My Father, Oscar Shumsky


Volume CVII, No. 10October, 2007

Eric Shumsky

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From his tremendous debut with the Philadelphia Orchestra at the age of seven, and continuing with performances with virtually every great orchestra in the world, musicians including Stokowski, Kreisler, Oistrakh, Milstein, and Menuhin put my father, Local 802 member Oscar Shumsky (1917-2000), on the highest pedestal in music and concurred he was one of the greatest violinists of the 20th century.

Dad was far more than a great violinist, violist and conductor. His great love of nature helped him to see life in a very special way. Many of his fans do not realize he was also a wonderful photographer. It was far more than just a hobby for him and he left many photos worthy of being exhibited at the finest galleries. In his photographic work lay the concept of truly being at one with a subject in a very intimate way. The undiluted aspect of art, before it filtered through the marketplace, was where my father lived.

His disdain for commercial aspects of art perhaps kept him more sheltered from the public’s eye but it was a price he was very happy to pay. He was a lousy politician and was even proud of this fact. (So am I!)

He did not permit many to get close to him, and those he did let into his life he did so because of a sense of inherent goodness and trust in that person. He was a great father — though we often had heated arguments. My terrific mother, Louise Carboni, was his greatest supporter and they had a wonderful marriage for well over 50 years.

Students of Oscar Shumsky adored him and were in awe of his genius, great warmth, and humor. He could play anything at sight on violin or viola at a level that was awesome indeed. He could also imitate any living violinist, good or bad, and put you on the floor with laughter with the candidness’ of imitation and the mannerisms he depicted.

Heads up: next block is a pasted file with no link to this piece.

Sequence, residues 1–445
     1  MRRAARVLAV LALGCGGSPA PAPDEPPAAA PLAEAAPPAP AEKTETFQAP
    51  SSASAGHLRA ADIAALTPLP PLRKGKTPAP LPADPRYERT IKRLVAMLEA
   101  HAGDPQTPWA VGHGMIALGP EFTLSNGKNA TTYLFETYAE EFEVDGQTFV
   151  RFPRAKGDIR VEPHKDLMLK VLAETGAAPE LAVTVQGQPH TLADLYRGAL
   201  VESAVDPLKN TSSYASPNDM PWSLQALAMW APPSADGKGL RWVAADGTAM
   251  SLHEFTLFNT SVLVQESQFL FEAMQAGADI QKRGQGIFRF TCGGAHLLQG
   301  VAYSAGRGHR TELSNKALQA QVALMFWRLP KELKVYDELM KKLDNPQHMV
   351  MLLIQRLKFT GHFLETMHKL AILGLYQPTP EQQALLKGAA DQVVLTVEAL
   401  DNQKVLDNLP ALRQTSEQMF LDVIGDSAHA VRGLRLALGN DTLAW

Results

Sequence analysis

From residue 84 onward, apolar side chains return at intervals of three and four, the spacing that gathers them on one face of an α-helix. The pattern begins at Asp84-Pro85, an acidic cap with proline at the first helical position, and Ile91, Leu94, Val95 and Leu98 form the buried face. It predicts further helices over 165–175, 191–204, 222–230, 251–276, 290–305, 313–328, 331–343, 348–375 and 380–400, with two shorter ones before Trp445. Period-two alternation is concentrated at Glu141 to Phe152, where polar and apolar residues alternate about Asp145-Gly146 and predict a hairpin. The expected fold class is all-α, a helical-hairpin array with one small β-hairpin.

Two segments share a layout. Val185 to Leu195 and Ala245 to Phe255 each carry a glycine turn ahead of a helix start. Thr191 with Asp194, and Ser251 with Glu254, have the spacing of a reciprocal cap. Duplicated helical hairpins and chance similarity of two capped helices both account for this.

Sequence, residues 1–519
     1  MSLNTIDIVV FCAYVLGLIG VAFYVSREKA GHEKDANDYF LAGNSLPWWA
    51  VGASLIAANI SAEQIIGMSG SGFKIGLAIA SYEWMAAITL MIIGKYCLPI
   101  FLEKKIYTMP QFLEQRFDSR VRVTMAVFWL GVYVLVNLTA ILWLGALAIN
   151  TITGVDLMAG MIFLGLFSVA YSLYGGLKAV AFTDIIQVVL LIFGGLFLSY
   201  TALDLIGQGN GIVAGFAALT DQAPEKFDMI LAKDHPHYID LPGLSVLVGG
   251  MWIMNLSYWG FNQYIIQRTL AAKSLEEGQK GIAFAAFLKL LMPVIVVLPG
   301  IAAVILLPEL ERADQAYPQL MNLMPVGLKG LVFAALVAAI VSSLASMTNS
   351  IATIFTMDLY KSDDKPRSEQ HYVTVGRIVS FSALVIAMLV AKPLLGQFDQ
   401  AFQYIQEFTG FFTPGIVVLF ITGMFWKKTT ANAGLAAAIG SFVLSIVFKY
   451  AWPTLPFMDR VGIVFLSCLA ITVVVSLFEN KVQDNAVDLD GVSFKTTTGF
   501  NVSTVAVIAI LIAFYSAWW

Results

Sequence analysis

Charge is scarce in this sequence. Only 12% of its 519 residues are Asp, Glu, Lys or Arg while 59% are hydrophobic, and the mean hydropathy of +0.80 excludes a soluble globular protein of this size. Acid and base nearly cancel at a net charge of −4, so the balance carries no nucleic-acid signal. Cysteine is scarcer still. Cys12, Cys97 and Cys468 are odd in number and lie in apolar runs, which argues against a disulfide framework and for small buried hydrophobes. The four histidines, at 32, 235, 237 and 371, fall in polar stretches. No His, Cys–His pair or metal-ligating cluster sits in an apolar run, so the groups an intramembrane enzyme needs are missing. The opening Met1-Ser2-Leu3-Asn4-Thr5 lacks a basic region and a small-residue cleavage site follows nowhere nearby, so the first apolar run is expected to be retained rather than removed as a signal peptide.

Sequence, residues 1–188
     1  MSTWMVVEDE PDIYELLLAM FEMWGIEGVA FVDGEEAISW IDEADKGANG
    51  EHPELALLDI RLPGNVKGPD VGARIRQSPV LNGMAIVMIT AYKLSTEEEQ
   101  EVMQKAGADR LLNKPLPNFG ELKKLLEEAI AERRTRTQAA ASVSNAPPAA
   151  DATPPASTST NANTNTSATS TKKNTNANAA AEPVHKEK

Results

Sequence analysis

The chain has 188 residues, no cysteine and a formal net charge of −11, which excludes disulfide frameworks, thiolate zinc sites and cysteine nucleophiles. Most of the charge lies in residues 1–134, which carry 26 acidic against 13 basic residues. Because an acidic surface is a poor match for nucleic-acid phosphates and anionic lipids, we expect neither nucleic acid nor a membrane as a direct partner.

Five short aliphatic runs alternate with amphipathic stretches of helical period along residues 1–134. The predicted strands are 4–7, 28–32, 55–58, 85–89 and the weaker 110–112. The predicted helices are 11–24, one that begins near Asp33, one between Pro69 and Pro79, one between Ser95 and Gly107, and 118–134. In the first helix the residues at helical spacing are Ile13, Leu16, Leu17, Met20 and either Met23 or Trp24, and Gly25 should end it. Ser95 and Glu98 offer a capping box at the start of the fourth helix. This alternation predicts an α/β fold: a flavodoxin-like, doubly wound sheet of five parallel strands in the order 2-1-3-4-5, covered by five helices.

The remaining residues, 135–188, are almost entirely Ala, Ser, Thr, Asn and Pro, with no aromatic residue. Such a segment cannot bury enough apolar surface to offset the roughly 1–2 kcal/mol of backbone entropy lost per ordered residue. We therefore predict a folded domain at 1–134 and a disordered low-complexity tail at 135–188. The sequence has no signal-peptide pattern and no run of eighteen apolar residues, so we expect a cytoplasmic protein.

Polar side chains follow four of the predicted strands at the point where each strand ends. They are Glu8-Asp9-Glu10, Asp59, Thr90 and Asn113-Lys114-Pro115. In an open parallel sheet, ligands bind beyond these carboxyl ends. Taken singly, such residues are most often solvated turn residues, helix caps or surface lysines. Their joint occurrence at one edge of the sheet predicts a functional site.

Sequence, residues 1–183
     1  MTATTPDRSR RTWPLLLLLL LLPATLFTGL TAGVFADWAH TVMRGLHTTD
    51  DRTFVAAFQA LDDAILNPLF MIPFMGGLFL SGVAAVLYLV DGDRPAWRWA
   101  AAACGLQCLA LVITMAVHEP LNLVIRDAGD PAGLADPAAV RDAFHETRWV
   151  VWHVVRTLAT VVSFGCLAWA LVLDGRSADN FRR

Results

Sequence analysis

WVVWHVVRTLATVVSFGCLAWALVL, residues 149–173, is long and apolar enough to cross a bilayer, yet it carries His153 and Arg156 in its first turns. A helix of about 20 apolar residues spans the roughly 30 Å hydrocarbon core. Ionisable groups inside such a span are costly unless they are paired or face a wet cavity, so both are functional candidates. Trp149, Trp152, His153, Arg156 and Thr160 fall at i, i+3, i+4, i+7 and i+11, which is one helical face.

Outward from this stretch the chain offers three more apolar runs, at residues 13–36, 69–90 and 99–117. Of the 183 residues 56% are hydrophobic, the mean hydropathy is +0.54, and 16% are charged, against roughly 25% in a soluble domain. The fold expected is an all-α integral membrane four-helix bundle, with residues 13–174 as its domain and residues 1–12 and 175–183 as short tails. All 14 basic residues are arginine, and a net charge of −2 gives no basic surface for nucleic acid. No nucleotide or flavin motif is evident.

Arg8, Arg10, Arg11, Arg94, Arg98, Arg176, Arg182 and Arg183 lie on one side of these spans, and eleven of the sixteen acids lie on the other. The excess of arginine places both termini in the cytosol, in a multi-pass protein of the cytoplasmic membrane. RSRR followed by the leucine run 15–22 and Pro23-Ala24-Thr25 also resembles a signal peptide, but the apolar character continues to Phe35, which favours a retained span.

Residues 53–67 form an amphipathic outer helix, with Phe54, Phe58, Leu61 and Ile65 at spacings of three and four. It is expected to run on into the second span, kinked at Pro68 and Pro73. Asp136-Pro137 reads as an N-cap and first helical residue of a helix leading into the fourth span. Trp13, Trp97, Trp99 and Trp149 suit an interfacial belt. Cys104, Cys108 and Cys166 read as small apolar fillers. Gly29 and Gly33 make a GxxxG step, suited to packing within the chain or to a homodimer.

“There was never a greater violin talent, including Heifetz.” This is a quote from Efrem Zimbalist, his teacher and a great violinist himself.

Dad was a complete musician, an extraordinary string player and a profound thinker. He did not practice the violin from 9 to 5. He did not practice scales all day long — nor did he need to.

His interpretations were not overplayed and always sounded fresh. Dad often told me he hated rubberstamped performances that sounded like they came from a cookie cutter.

Although a big intellect, he much preferred instinct in music to cerebral and dry conceptions so often devoid of feeling. His roots were unmistakable: his father Isaac was a cabinet maker from Russia (near Odessa) and was a wonderful klezmer violinist with an exquisite sense of proportion and taste.

His example for younger players has more to do with artistic integrity than anything else. In this day of putting the career before the art, it is refreshing to look back at an artist whose life was reflected through his art. And make no mistake: his peers always recognized him for his greatness since his very earliest performances in the 1920’s.

I miss him very much

For a biography as well as a list of available recordings, please visit